Bone fracture is a major concern for many women as they age, but new research suggests that a higher intake of vitamin K may help when taken earlier in life. Researchers from Edith Cowan University’s Nutrition and Health Innovation Research Institute believe they have found a way to help prevent bone fracture when steps are taken in midlife to help the body stay healthy.
Bone fractures are a serious health concern, particularly for older women. According to the National Osteoporosis Foundation, 1 in 3 women over 50 will experience a bone fracture due to osteoporosis. Osteoporosis is a condition that causes the bones to become weak and brittle, making them more susceptible to breaks. In addition, older women are more likely to fall, which can lead to fractures. Fractures can cause significant pain and disability and can even be fatal in some cases. As a result, it is important for older women to be aware of the risk factors for osteoporosis and to take steps to prevent the condition.
For this new study, the team of researchers, in collaboration with the University of Western Australia, looked at the relationship between fracture-related hospitalizations and vitamin K intake in approximately 1,400 older Australian women over 14.5 years.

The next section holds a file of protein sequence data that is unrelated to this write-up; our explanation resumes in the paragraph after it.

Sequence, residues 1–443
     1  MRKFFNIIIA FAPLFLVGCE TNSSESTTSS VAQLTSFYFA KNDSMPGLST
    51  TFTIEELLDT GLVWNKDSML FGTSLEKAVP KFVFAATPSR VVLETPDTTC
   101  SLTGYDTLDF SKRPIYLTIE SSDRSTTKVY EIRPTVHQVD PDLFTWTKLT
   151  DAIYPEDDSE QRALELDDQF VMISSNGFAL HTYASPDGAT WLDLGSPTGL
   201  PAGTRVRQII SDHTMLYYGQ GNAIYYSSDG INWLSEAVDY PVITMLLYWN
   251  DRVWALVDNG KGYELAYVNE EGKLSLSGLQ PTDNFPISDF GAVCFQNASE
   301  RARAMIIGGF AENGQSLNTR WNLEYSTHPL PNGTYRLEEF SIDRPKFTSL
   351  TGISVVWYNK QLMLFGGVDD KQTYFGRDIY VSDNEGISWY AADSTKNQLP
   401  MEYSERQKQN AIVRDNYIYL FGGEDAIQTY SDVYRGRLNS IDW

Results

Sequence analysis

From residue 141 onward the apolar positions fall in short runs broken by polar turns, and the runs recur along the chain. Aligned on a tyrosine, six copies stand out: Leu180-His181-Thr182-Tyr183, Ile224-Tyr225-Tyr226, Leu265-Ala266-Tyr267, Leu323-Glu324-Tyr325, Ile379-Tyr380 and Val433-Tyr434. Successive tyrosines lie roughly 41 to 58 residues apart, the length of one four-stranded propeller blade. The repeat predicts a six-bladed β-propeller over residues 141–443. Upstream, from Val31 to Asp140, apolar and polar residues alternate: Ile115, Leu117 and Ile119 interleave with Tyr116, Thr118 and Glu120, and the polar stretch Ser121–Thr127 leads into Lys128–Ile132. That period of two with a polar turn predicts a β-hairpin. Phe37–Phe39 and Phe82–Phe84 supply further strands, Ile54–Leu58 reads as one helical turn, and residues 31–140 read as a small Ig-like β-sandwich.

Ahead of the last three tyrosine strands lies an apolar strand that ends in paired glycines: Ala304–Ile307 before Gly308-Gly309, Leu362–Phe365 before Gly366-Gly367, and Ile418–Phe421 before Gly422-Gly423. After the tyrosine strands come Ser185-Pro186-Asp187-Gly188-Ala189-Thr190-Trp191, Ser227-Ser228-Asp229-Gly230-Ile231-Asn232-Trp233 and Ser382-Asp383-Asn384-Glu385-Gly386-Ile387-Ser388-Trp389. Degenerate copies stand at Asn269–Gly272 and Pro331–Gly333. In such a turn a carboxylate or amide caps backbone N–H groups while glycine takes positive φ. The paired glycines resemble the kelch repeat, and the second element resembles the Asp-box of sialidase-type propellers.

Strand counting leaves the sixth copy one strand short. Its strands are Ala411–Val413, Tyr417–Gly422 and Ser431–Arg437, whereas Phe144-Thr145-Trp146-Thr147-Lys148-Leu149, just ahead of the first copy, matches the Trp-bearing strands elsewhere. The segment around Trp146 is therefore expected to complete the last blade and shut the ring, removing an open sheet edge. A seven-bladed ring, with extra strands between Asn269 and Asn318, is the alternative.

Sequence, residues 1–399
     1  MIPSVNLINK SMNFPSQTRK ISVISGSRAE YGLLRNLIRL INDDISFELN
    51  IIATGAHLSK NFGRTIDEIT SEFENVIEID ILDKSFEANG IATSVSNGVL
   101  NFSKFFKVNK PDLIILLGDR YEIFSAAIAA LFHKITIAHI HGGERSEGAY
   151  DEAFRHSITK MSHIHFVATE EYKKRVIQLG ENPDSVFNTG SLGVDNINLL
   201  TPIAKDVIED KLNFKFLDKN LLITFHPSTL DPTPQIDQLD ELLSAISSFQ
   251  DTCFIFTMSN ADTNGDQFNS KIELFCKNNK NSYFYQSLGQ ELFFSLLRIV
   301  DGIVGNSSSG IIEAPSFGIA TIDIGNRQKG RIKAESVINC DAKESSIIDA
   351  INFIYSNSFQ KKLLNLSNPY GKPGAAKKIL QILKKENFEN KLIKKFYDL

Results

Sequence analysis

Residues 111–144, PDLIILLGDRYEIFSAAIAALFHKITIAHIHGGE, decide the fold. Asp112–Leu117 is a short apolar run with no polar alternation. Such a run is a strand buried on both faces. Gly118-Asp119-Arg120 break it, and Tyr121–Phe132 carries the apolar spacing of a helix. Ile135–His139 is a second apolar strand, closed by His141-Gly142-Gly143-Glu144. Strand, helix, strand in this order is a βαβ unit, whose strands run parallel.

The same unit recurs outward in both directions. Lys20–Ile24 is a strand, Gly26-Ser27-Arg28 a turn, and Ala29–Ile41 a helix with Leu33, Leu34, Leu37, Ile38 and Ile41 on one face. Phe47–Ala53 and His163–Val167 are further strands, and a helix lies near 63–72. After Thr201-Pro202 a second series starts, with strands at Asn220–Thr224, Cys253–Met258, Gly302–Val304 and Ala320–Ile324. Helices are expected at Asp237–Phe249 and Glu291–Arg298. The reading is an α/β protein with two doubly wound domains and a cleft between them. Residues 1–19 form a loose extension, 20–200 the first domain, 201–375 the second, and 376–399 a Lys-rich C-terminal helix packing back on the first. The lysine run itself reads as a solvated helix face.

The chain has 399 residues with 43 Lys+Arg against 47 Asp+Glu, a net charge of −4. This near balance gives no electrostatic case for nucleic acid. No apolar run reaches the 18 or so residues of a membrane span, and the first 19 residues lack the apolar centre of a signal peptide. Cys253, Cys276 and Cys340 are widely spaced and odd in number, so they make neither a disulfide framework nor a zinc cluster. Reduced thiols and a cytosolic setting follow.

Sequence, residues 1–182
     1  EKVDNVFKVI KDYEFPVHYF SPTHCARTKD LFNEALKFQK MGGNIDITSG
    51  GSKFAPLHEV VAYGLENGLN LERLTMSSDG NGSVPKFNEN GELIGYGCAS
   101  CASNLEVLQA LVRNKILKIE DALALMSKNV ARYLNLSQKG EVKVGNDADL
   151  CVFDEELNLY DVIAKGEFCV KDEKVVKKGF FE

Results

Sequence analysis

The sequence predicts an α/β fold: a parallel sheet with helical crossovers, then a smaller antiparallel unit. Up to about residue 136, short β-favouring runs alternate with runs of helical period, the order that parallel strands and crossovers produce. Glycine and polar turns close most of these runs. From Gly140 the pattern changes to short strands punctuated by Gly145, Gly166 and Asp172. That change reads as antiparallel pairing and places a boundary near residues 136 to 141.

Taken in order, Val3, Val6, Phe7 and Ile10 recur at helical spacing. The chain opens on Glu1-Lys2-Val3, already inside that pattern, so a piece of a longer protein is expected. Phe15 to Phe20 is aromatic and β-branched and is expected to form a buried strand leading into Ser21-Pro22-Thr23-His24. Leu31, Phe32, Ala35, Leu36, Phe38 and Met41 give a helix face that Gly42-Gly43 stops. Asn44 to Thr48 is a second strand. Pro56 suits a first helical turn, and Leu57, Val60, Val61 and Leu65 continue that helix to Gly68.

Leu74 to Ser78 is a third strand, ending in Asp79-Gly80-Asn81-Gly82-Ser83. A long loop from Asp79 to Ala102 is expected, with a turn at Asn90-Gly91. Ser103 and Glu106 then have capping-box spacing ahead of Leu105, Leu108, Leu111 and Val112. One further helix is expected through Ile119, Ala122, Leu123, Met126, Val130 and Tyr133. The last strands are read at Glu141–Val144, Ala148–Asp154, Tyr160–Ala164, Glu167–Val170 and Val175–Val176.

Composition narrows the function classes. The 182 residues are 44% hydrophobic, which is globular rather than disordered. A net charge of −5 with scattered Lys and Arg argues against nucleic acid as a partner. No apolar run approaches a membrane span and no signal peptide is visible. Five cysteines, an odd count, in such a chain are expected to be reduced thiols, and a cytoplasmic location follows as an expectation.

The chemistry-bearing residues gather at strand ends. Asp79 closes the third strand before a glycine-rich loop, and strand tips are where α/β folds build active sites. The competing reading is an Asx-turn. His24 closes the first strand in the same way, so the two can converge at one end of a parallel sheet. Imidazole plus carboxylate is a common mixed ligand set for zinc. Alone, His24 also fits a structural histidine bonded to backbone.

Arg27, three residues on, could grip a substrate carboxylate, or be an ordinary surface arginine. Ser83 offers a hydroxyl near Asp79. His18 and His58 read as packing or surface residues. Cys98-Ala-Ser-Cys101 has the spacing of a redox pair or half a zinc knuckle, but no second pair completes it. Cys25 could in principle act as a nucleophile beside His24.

It was found that women who ate more than 100 micrograms of vitamin K1 were 31% less likely to have any fracture compared to those who consumed less than 60 micrograms per day which is the current intake guideline in Australia for women. One hundred micrograms are the equivalent of approximately 125g of dark leafy vegetables or one-to-two servings of vegetables.
The results were even more positive when looking at hip fractures. Women who consumed the most vitamin K1 reduced their risk of hospitalization by almost half (49%).
These results add to mounting evidence of the health benefits of vitamin K1, including previous studies that found it to enhance cardiovascular health.
Study lead Dr. Marc Sim explained, “Our results are independent of many established factors for fracture rates, including body mass index, calcium intake, Vitamin D status, and prevalent disease.”
“Basic studies of vitamin K1 have identified a critical role in the carboxylation of the vitamin K1-dependant bone proteins such as osteocalcin, which is believed to improve bone toughness.”
While many people may think consuming this much K1 is hard to do, it isn’t the case. It can easily be achieved by consuming between 75–150g, equivalent to one to two serves, of vegetables such as spinach, kale, broccoli, and cabbage each day.
Supporting Bone Health
As this study helps to show, supporting bone health is essential as you age. Bone Rescue can help to support the maintenance and development of bones thanks to its unique formula, including strontium. Chemically similar to calcium, strontium can provide great support for aging bones. Bone Rescue contains 680 mg of strontium along with additional ingredients to help keep bones strong and healthy